“One thing that stands out for me is LaMar has done an exceptional job with him,” Napier said.
“I think he’s already improved from a technical standpoint. But Mike is a big-picture guy. Quarterback background, offensive background as a receiver. That (cornerback) was a new role to him.
“So as he becomes more comfortable with the techniques and fundamentals, seeing things from a defensive perspective, I think his play-making ability will improve,” Napier added. “He has size, he has length, he has speed, he has ball skills, he has instincts.”
Now he just has to bring it all out each time out.
Morgan thinks Jacquet is quite capable, especially since he’s so new to the position.
“He has an advantage on guys. You get kids that play the position for so long, and they get bad habits,” Morgan said. “He doesn’t have as many bad habits. … He has an open book a little bit.”
It’s all about developing the defensive potential in the ex-QB and ex-receiver.
“That’s something he told me he wanted to work on,” Morgan said.
There’s something else too.
It starts with being more of a leader.
“Mike just has to continue to (make) sure that everybody does things the right way around here,” Morgan said.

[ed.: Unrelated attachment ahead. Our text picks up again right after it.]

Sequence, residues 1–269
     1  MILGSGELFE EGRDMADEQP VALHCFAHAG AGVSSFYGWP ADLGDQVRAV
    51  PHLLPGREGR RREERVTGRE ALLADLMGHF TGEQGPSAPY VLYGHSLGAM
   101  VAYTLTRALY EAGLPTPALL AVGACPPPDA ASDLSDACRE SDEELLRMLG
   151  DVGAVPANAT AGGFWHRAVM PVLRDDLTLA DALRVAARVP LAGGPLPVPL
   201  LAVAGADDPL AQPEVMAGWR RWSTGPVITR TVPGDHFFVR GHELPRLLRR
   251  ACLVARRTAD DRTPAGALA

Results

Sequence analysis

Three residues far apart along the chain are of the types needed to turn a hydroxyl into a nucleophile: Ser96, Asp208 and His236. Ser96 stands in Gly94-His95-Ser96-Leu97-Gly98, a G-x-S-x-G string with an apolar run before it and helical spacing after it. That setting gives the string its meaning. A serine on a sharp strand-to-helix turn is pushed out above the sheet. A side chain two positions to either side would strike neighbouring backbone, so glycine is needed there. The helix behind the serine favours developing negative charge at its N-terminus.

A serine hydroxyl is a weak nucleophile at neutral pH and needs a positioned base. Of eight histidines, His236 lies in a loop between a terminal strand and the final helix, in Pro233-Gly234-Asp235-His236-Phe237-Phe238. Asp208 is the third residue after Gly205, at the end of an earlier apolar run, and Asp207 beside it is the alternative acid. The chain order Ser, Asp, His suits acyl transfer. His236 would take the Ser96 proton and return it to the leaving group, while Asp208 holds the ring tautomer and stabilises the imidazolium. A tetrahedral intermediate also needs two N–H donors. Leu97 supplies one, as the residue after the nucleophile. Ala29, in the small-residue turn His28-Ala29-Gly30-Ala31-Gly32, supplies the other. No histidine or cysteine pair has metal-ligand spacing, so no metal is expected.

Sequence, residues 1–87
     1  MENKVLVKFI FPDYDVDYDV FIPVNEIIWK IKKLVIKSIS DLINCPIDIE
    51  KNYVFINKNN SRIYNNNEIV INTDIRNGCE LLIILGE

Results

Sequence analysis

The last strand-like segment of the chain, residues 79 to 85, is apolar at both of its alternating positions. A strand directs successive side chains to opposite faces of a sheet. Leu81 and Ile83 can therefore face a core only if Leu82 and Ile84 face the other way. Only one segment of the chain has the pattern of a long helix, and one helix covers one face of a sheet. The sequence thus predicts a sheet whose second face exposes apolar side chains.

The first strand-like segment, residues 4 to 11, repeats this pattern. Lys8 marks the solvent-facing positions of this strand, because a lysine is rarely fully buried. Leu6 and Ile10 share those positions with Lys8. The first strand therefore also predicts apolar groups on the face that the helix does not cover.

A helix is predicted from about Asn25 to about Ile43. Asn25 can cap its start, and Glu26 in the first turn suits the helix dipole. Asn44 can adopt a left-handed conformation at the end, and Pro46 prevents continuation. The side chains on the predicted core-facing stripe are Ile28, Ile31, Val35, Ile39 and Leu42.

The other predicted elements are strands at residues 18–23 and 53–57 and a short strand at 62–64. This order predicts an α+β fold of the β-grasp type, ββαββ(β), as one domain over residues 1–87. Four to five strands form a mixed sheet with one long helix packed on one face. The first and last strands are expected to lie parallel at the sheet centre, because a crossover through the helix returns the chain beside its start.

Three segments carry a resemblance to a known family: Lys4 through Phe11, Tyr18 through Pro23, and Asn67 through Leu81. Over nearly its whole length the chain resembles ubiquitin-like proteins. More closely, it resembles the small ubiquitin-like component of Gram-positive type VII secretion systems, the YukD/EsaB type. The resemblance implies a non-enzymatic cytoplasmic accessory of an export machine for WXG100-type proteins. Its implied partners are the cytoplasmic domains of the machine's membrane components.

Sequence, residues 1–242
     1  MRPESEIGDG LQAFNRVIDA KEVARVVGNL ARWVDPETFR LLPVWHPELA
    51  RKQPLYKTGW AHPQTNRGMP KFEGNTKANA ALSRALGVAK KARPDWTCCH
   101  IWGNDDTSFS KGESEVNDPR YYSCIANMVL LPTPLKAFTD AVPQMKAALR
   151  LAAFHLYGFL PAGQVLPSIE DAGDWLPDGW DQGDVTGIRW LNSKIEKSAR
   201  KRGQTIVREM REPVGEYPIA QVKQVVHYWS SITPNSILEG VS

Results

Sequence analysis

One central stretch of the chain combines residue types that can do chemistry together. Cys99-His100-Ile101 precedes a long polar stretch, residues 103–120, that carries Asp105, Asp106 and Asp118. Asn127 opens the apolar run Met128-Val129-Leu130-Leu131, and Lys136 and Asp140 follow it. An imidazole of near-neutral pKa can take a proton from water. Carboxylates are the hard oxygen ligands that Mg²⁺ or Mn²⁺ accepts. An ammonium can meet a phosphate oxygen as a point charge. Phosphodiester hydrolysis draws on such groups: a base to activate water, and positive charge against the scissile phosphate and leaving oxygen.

“We’ll lean a lot on Mike this year,” Napier added. “We need him to do things the right way — be a great example, be a quality leader on our team.”
Why Napier likes putting offensive players on defense
For Napier and UL’s defensive coaches, moving Jacquet from receiver to cornerback seemed like the natural thing shortly after he and the new staff arrived at UL to replace the fired Mark Hudspeth following the 2017 season.
During his time from 2012-16 as receivers coach at Alabama, he saw others make the move.
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“We would flip guys on a pretty consistent basis, whether that’s secondary to receiver or receiver to secondary,” Napier said.
“My experience, the better defensive backs we had an Alabama all were out of an offensive background in high school — whether that was quarterback, running back, receiver, two-way players.
“And sometimes maybe the guys that struggled were just defensive players,” Napier added. “And I think that put a little bit of a limit on how good they can be.”
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For Jacquet, however, the only limitation now seems to be the time he has to spend in college learning how to properly play the position.
“He looks like one of the (players) I had at the last school I was at,” Morgan said.
That DB: ex-Houston cornerback Isaiah Johnson, who was drafted by Oakland and now is on the Raiders’ IR list.
Johnson also had limited experience at corner.
“They’re very similar guys,” Morgan said.
“Everybody wants a long corner that can run, and that’s smart. He has advantages, that he played on the other side of the ball.”
For Jacquet, who is comfortable in zone coverage but did have to learn press technique, the move seemed natural.